For requests with an X.509 certificate challenge, a dialog box shows the list of client certificates already installed, and the user can select the correct certificate to answer the the server side challenge. The user is only prompted again for a certificate if the user entered an invalid certificate.

Automatic Selection of Client Certificate

The AuthProxy plugin allows the client certificate to be automatically selected for mutual authentication without requiring the user to manually pick a client certificate from the available certificate list.

Instead of having an application keychain like iOS, the Android counterpart is the system keychain. It is not possible to automatically select a certificate from the system keychain the first time - the application needs permission from the user to use a keychain certificate. Android uses SharedPreferences to store the aliases the application has permission to use. When the application gets restarted, it remembers from previous sessions whether it has permission to use an alias and will not show the certificate picker unless it has to.

This method in the AuthProxy plugin allows you to configure this behavior in the application:

setAutoSelectCertificateConfig(successCB, errorCB, autoSelectSingleCert)

The parameter, autoSelectSingleCert, is a boolean type.

The default value for this property is false.

If you specify this property as true, and if there is only one client certificate available, the single available single certificate will always get selected automatically. This setting is similar in concept to the option in the Internet Explorer browser, "Do not prompt for client certificate selection when only one certificate exists."

For a Hybrid SDK (Kapsel) project, you call in index.js the AuthProxy setAutoSelectCertificateConfig method in the onDeviceReady method.

Sending Requests

There are these functions for sending requests:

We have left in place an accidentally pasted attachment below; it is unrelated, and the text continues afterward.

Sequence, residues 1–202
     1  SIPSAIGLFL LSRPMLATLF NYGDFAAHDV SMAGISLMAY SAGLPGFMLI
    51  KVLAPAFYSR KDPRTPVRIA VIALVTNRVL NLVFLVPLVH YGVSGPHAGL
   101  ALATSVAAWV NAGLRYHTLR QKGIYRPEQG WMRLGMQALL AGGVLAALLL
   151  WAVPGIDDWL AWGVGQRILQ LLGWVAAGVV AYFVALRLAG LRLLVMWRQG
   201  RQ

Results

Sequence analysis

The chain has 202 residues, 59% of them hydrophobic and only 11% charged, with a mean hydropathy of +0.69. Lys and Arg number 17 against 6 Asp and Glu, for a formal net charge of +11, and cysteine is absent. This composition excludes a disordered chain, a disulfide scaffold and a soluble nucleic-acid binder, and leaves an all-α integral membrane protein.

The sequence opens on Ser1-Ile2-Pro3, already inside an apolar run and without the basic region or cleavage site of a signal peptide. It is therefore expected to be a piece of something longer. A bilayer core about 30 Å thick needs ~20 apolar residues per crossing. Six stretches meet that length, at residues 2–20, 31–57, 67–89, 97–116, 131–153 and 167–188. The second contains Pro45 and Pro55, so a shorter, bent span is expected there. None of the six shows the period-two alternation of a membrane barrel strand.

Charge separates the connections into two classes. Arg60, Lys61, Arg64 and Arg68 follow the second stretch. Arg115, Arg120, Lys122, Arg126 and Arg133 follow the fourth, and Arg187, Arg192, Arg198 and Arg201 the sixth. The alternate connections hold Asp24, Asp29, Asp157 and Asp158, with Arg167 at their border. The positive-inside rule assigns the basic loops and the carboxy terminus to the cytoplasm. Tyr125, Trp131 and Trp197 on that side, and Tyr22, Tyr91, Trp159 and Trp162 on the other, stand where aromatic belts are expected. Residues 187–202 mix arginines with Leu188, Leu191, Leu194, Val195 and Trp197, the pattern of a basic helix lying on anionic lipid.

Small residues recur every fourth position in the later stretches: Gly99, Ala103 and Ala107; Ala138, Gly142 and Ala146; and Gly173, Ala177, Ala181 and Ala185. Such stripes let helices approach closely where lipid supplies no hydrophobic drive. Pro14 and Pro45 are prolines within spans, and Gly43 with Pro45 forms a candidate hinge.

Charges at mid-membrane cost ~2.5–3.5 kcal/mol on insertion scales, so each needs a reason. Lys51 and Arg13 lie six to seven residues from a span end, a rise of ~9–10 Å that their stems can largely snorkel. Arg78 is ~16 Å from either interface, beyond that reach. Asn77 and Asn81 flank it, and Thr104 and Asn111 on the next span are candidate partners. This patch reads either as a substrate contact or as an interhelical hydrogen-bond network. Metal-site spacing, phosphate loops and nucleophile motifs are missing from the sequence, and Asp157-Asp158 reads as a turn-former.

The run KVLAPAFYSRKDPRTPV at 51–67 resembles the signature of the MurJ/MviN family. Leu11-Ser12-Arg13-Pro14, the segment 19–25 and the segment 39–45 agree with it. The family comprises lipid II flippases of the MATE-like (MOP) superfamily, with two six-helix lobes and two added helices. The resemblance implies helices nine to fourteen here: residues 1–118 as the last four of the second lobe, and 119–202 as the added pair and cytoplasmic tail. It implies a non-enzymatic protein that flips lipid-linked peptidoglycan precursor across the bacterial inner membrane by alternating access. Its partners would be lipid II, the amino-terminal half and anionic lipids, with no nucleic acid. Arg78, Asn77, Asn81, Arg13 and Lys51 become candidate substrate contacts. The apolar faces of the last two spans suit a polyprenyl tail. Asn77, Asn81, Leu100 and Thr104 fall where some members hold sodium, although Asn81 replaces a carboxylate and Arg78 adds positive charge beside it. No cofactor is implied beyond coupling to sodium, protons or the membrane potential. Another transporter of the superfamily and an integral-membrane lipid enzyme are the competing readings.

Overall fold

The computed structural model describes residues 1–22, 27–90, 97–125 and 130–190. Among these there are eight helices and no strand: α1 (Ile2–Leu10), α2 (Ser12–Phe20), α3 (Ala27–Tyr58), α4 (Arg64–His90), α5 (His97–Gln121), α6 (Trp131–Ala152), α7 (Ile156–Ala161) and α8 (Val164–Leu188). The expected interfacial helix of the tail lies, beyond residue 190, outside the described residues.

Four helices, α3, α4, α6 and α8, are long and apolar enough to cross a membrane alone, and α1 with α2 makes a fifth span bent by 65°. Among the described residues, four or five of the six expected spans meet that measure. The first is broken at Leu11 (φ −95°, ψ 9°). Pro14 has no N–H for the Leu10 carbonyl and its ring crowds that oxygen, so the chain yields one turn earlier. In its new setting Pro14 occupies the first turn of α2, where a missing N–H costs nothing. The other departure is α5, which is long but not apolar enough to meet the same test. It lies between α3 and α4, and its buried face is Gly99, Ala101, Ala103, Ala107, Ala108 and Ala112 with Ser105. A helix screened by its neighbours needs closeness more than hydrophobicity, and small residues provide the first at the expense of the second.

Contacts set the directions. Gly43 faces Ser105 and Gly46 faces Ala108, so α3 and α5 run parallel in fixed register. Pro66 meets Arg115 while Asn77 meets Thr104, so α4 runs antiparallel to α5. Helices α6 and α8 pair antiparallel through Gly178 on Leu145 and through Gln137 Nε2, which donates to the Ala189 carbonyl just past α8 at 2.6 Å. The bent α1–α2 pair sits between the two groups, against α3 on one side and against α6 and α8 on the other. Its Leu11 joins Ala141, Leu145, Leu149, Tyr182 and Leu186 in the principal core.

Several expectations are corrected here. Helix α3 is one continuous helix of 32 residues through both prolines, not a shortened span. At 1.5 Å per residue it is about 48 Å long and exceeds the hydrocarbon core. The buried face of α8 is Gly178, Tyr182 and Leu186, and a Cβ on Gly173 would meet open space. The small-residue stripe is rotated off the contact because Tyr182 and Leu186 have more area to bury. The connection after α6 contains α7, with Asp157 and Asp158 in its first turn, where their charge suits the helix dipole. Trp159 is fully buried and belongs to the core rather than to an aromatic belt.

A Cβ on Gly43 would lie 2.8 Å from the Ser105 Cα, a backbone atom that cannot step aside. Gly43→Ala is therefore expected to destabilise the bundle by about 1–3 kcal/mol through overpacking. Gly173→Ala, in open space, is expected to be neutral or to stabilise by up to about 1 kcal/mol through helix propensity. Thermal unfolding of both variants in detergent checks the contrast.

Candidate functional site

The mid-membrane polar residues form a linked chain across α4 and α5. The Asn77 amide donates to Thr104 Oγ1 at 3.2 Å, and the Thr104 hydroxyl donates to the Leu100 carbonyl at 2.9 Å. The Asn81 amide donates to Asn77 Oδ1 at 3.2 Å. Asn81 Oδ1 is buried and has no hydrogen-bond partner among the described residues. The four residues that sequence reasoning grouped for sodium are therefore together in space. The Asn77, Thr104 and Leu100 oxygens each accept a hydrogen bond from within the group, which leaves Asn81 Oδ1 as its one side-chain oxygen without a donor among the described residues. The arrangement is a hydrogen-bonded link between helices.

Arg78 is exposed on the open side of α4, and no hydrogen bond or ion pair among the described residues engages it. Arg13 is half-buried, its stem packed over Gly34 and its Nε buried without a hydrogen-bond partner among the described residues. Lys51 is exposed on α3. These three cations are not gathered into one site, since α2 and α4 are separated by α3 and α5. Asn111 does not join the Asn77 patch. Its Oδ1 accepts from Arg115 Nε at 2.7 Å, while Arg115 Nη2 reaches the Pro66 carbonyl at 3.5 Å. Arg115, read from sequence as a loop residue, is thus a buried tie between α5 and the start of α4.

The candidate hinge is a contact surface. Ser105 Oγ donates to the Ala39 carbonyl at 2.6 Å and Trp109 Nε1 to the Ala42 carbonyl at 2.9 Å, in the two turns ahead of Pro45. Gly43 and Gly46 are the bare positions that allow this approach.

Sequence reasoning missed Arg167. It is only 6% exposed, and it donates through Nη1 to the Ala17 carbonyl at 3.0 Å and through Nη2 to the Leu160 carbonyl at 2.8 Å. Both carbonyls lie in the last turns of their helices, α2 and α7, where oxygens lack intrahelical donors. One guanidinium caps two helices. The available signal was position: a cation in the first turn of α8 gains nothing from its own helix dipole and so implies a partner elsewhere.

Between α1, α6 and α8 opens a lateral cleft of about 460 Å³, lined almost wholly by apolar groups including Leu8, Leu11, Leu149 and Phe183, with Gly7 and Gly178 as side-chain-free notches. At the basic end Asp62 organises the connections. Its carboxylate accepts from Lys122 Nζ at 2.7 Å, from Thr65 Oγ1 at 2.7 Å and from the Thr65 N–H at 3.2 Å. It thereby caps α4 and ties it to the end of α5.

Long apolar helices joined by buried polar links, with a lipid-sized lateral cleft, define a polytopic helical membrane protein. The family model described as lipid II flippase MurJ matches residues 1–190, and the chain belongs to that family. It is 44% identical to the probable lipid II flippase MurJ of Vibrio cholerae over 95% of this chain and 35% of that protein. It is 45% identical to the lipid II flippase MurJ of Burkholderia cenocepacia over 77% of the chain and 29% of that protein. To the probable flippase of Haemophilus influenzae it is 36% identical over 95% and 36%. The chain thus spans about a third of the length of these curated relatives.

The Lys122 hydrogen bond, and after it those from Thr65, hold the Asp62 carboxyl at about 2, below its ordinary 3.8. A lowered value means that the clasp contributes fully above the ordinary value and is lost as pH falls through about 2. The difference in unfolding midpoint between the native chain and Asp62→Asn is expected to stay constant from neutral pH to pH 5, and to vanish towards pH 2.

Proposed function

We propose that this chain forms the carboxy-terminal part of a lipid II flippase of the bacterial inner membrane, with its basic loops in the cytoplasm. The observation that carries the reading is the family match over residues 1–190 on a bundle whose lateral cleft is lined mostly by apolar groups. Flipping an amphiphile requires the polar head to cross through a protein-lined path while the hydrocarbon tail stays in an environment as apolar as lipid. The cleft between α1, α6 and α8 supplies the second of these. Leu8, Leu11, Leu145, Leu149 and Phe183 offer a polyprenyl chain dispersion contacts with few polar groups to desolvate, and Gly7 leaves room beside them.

• get = function (url, header, successCB, errorCB, user, password, timeout, certSource). This is a convenience function and provides no additional functionality compared to the sendRequest function. It just calls the sendRequest function with the method set to GET and no requestBody.
  • sendRequest = function (method, url, header, requestBody, successCB, errorCB, user, password, timeout, certSource).
  • sendRequest2 = function (method, url, header, requestBody, successCB, errorCB, [timeout], [authConfig] )

Constructor Functions

There are three constructor functions to make objects that you can use for certificates:
  • CertificateFromFile = function (Path, Password, CertificateKey)
  • CertificateFromLogonManager = function( AppID ). Supported on iOS and Android.
  • CertificateFromStore = function (CertificateKey)

Domain Whitelisting

Kapsel plugins support Apache Cordova's domain whitelisting model. Whitelisting allows you to control access to external network resources. Apache Cordova whitelisting allows you to whitelist individual network resources (URLs), for example, http://www.google.com.

For information about the whitelist rules, see http://docs.phonegap.com/en/3.3.0/guide_appdev_whitelist_index.md.htmlInformation published on non-SAP site.